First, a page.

The county Board of Supervisors created a Library Advisory Board to oversee library policy and budget. CFOL created a building fund to address future space considerations.
After-school homework help
A grant from Soroptimists was used to support the after-school homework help project. Saturday book sale profits averaged $1000 each sale day.
CFOL budgeted $5000 for the Books-by-Mail program serving those physically unable to visit the library. For National Library Week CFOL distributed magnets showing library phone number, hours of opening and a link to the library’s website.
CFOL budgeted $3000 per month
for new additions to the Library collections. Proceeds from the Fall Festival were sent to the Biloxi Library in Mississippi, damaged by Hurricane Katrina.
2007 Annual Meeting
At the Annual Meeting Debbie Cobb and Steve Ferchaud spoke about their joint venture writing, illustrating and publishing Gracie’s Big Adventure with Augustine the Beaver. Also during the meeting, seven graduating teen volunteers were recognized for the 700 hours they logged volunteering at the library. CFOL began sponsoring a free monthly Classic Movie Night.
1st annual holiday Craft Fair
held with proceeds dedicated to improvements in the Children’s Room. CFOL team, Marian Milling, Rob Atkinson and James Dwyer, placed second at the Literacy Trivia Bee. CFOL cookbook published in time for holiday sales. The project to reupholster library furniture was completed by Square Deal Mattress Company.
CFOL approved $1000/month
for extra help to fund Friday story times and library tours for all Chico 3rd grade students. Annie’s Star Quilt Guild donated a quilt for a raffle benefiting CFOL.
CFOL joined other vendors
at the weekly Butte College Road Runners Market with a goal of promoting the library, selling CFOL merchandise and issuing library cards to market attendees. Local historian, Michele Shover, was the guest speaker at the Annual Meeting in May.
First Friday Book Sale
gave members a chance to preview and purchase books in advance of the regular Saturday sale. Ben & Jerry’s held a free ice cream day with proceeds going to CFOL. 11,973 hours contributed to the library by volunteers.
New Circulation Desk
CFOL funded a new and improved circulation desk. Prizes for the first Young Adult photo contest provided by CFOL. Our team placed first in the Literacy Trivia Bee. Long time branch head Susan Raun retired, succeeded by Sara Vantrease.
The Love Your Library poster,
created by local artist Steve Ferchaud, made into a jigsaw puzzle for sale by CFOL. Butte County Library celebrated its 100th anniversary with events in all branches. The Chico branch introduced Sunday hours, open from 1:00 to 5:00.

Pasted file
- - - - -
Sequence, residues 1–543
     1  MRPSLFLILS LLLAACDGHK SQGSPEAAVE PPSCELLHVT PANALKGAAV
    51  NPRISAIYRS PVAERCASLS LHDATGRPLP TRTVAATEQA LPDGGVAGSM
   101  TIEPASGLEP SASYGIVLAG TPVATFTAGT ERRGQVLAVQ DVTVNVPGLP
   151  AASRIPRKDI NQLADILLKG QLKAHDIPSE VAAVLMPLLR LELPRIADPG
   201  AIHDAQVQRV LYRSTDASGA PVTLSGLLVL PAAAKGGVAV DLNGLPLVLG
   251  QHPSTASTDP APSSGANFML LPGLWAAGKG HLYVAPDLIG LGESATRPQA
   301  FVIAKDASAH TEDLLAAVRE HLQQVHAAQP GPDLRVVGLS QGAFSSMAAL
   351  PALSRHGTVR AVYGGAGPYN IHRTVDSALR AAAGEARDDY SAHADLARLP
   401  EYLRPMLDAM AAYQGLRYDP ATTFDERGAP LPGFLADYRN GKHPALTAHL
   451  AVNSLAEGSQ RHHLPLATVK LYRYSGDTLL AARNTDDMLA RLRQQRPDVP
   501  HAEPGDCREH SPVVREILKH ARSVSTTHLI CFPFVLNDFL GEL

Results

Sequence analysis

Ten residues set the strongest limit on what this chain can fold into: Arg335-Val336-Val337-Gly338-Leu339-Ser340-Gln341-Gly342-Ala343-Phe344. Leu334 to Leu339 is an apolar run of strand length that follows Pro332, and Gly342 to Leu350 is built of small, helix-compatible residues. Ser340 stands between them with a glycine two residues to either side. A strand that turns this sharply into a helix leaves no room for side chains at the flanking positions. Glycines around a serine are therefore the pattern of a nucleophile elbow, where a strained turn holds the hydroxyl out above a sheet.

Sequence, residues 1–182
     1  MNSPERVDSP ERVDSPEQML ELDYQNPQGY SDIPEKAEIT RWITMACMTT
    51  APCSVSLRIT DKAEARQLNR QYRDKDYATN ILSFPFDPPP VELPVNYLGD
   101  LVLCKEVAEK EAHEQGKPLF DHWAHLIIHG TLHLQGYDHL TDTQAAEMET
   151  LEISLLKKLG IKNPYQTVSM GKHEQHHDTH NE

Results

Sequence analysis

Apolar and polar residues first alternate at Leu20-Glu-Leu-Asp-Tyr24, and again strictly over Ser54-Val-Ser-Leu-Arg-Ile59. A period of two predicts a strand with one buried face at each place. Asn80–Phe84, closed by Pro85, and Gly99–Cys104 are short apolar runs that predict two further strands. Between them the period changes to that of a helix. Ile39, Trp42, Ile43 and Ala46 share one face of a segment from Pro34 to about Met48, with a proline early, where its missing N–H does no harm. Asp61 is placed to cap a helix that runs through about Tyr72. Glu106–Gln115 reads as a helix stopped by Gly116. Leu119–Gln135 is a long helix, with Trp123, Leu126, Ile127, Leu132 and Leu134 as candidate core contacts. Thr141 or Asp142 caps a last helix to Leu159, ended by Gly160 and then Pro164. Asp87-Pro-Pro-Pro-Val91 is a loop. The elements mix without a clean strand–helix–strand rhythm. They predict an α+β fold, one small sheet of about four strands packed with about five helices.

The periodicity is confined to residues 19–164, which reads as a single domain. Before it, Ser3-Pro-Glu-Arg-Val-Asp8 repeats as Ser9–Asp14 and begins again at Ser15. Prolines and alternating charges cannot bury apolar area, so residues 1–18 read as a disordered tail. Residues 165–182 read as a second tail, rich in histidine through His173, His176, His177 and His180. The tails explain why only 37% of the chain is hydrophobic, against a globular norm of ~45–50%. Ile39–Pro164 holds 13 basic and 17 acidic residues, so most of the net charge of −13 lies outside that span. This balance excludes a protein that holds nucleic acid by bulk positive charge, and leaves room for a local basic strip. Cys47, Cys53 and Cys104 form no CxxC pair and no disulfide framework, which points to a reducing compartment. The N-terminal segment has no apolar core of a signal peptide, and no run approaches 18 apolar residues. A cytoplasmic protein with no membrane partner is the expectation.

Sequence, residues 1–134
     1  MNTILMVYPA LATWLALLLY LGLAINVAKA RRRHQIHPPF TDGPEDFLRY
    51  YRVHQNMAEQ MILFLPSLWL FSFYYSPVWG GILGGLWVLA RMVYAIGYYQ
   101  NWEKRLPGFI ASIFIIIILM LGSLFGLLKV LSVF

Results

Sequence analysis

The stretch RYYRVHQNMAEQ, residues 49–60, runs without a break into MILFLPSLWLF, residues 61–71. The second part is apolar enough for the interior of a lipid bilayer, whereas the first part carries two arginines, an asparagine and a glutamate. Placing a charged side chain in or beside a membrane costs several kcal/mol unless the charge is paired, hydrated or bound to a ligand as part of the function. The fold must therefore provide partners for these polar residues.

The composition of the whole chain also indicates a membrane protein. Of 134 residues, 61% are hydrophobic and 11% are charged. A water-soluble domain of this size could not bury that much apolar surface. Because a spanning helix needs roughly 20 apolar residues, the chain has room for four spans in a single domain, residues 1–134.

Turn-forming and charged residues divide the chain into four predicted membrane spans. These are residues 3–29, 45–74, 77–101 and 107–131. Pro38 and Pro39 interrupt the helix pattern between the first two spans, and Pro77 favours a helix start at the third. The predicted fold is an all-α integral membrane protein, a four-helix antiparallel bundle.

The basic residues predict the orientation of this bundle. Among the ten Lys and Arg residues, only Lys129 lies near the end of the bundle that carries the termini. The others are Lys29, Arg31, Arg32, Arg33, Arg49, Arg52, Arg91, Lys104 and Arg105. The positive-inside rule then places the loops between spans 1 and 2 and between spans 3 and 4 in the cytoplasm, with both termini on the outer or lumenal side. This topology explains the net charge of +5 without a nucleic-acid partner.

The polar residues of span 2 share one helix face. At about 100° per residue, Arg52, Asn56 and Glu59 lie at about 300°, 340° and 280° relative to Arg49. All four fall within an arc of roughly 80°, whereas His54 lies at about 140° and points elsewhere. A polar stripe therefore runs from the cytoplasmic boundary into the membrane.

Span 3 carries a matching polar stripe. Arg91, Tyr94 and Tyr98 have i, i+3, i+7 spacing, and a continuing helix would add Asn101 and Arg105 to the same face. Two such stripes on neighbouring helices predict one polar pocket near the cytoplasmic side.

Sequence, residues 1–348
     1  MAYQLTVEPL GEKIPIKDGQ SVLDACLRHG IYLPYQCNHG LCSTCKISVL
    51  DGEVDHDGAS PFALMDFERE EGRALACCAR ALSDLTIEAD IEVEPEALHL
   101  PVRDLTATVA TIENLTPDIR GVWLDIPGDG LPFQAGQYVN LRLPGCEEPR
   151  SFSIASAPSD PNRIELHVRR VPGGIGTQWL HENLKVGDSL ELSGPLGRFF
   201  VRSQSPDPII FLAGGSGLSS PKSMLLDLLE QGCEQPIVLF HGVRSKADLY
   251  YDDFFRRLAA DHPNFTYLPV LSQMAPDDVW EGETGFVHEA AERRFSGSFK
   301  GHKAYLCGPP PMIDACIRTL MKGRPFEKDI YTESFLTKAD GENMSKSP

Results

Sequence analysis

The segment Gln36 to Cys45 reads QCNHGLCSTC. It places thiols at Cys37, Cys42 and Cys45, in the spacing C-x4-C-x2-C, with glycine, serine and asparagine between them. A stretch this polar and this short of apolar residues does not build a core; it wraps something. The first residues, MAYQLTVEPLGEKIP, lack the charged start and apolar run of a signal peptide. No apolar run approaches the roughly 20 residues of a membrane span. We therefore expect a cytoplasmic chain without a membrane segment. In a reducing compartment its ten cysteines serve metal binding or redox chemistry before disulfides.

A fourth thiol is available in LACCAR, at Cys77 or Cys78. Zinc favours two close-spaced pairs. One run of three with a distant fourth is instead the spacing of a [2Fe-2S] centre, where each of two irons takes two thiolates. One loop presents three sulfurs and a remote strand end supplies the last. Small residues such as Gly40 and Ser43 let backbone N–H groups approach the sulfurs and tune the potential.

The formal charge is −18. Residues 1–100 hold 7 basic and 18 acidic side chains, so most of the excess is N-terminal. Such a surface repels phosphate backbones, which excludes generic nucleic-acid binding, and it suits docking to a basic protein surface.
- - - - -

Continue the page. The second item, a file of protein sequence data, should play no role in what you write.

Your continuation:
contributed $3650 from its Cupcake Fundraiser to remodel children’s and young adult areas. Brenda Crotts came from the Paradise library to take over as branch head. Gerald Davis, long time CFOL treasurer and financial advisor, passed away.
Veterans Resource Center
was established in the Chico library with funds from CFOL. CFOL sponsored an evening with Wayne Houchin, magician, to benefit the Weed library, damaged in the Boles fire. CFOL team, Bibliomaniacs, won the Trivia Bee.
Monday, Book Club, 3D Printers, ...
Chico city council eliminated library funding resulting in Monday closure and reduced hours on other weekdays. Library Book Club established. 3-D printer lab established with funding from CFOL. Book Bike purchased to appear at local events promoting library services. Library outreach expanded by the Little Free Library program.
RFID, Maker Lab, ...
RFID technology introduced to the library to streamline check-in/check-out procedures and free staff time for more professional services. Plans were completed for a Maker Space to house the 3-D printer, video and virtual reality equipment, typewriters, sewing machines and more. A benefit dinner sponsored by Bacio Catering earned over $6000 for CFOL. Funded by CFOL, the first Celebracion de las Americas attracted a large turnout reaching out to the local Hispanic community.
Douglas Keister, J.A. Jance, ...
Douglas Keister, local photographer and historian, spoke at the annual meeting. CFOL sponsored an evening with bestselling mystery author J.A. Jance. The Celebracion de las Americas drew over 800 people, proving its continued, and growing, popularity. The Yule Logs drew a large crowd to their holiday concert, funded by CFOL. Hundreds of donated books were taken to the Disaster Recovery Center for distribution to evacuees from the Camp Fire.